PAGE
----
Here at Consumer Electronics Show, the video games designers shudder when they walk by the Kandy Man. There, but for the grace of God and a fickle public, go they.

For every video game hit that turns a pimply 20-year-old into an instant millionaire, there are half a dozen games that couldn't trip the video fantastic. For them, the Kandy Man can if the price is right.

Just as fad diet books and first novels eventually are remaindered for $1.98, video games finally have found their seller of last resort.

"We're going to be the low-end video game supplier," said Bill McCarthy, vice president of purchasing for Kandy Man Sales Inc. of Wichita, Kan. Kandy Man has picked up the domestic distribtuiton rights for games from Data Age and U.S. Games, two companies that recently went belly up, and has picked up assorted titles from other cartridge suppliers.

"We already own 4.5 million cartridges," McCarthy boasted, and he insisted that "we're not in a closeout situation--we're going to be producing our own games."

The idea is to retail these games at between $5.99 and $9.99--far less expensive than most of the games now sold, he said. By keeping overhead low and acquiring more product, McCarthy said his company can capture a lot of dollars from consumers who literally want a cheap thrill from their games machines.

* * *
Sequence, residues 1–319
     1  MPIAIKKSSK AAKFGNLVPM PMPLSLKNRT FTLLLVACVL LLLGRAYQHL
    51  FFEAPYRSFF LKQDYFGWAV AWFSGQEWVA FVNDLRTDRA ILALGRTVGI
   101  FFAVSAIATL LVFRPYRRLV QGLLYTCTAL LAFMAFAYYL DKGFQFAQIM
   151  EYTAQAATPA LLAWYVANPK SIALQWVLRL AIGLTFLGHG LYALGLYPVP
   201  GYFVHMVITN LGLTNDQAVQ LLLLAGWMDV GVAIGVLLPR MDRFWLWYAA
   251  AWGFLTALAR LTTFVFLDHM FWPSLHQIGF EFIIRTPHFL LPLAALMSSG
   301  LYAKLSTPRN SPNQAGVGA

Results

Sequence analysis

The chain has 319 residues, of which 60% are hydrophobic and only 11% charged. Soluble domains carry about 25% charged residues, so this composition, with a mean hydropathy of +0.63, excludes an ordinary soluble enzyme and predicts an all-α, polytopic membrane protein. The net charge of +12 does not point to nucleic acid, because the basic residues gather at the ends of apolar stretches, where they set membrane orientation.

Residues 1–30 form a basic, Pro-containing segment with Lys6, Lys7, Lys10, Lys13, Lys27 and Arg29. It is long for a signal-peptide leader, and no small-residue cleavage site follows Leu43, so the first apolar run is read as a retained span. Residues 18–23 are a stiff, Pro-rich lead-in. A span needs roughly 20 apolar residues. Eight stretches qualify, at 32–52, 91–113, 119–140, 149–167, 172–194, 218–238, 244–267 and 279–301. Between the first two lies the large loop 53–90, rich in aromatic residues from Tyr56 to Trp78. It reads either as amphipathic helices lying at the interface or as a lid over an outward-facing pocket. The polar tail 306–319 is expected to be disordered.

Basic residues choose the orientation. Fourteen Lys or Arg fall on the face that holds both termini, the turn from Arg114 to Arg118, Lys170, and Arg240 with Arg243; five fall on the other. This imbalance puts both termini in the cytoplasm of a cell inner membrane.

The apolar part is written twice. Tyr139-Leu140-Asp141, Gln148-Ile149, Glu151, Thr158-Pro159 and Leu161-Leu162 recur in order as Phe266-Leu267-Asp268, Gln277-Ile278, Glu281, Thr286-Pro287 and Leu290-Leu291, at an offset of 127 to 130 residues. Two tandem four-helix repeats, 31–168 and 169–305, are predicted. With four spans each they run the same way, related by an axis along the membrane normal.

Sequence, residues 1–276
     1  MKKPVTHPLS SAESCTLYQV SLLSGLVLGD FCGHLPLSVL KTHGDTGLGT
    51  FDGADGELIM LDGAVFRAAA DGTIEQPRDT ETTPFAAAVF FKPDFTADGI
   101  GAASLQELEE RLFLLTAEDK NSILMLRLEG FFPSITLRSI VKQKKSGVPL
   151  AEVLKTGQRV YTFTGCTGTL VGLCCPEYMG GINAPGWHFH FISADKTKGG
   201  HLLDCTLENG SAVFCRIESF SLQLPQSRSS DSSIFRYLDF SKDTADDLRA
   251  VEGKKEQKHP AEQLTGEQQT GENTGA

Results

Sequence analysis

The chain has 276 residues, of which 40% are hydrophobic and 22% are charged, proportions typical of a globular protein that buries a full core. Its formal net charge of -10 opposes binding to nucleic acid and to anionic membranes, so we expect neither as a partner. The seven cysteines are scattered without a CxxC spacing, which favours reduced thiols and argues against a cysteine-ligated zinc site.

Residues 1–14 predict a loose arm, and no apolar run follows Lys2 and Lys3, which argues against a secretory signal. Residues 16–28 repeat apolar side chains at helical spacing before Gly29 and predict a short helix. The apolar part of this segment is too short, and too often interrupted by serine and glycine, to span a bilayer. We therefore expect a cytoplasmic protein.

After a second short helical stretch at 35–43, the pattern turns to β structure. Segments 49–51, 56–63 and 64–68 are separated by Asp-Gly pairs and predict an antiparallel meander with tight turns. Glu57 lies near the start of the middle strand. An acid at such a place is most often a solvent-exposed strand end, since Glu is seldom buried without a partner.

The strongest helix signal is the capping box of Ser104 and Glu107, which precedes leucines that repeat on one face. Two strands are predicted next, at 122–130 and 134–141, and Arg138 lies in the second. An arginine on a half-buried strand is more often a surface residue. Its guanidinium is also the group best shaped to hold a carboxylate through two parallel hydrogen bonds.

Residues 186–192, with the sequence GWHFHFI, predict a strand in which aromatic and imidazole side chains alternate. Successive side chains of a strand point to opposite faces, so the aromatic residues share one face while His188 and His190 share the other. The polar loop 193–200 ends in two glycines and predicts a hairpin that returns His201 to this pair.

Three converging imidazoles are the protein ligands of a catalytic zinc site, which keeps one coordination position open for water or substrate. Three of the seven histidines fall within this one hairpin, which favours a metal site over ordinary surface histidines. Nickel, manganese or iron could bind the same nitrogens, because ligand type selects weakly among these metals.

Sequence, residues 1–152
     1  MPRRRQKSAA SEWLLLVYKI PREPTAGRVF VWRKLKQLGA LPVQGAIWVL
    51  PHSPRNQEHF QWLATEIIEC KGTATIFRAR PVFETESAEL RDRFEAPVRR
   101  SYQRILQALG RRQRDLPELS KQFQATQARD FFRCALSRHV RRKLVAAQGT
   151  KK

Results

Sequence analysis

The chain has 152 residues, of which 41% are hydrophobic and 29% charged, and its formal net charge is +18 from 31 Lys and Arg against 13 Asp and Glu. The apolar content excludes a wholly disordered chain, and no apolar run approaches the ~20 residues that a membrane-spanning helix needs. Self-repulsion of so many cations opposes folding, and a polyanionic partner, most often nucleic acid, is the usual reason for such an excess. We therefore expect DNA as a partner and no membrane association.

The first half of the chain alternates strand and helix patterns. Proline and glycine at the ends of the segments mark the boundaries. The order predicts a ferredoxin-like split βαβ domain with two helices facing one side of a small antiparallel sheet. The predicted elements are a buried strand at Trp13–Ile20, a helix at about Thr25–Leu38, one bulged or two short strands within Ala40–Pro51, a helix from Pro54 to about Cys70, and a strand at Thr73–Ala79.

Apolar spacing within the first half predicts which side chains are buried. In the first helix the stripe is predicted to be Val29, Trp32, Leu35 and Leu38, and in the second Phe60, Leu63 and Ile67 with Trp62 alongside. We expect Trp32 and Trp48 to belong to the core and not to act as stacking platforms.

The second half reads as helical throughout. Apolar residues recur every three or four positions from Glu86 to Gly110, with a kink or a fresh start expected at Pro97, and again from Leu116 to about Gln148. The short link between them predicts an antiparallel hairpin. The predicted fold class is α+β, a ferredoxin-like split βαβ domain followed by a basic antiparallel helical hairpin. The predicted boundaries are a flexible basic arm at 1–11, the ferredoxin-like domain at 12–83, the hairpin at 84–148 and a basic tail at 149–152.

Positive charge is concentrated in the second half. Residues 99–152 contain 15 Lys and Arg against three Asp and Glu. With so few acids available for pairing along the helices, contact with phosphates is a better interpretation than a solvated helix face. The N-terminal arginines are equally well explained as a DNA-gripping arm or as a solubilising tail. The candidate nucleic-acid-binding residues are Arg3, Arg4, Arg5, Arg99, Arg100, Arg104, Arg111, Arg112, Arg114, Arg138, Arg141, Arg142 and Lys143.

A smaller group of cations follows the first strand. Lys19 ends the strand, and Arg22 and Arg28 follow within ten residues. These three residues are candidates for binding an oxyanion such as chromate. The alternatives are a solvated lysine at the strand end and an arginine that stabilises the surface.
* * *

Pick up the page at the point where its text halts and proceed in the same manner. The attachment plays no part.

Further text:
In addition to being an aspiring video games company, Kandy Man garners $30 million a year in revenues by disposing inventory for companies in fields as diverse as bicycles and photographic equipment. McCarthy is confident that his new business will mushroom as more and more video games companies are shaken out of the business by the intense competition.

Many industry observers believe there already is a glut of video games and video game companies in the market. Either failed companies or failed products will feed the Kandy Man.

"We already have 24 titles," he said. "By the January show, we'll have 50."

Major games companies such as Atari and Imagic have had inventory problems, but Kandy Man has yet to secure them as suppliers. McCarthy is very optimistic, however. He said that Kandy Man even plans a media campaign to promote one of its newly acquired games, Frankenstein's Monster.

Games designers generally are unimpressed by Kandy Man's offerings. "Those games belong there," one designer confided.

McCarthy waved that off. "This is the last straw for a lot of these companies," he said. "This is a terrific show; I'm doing a good business."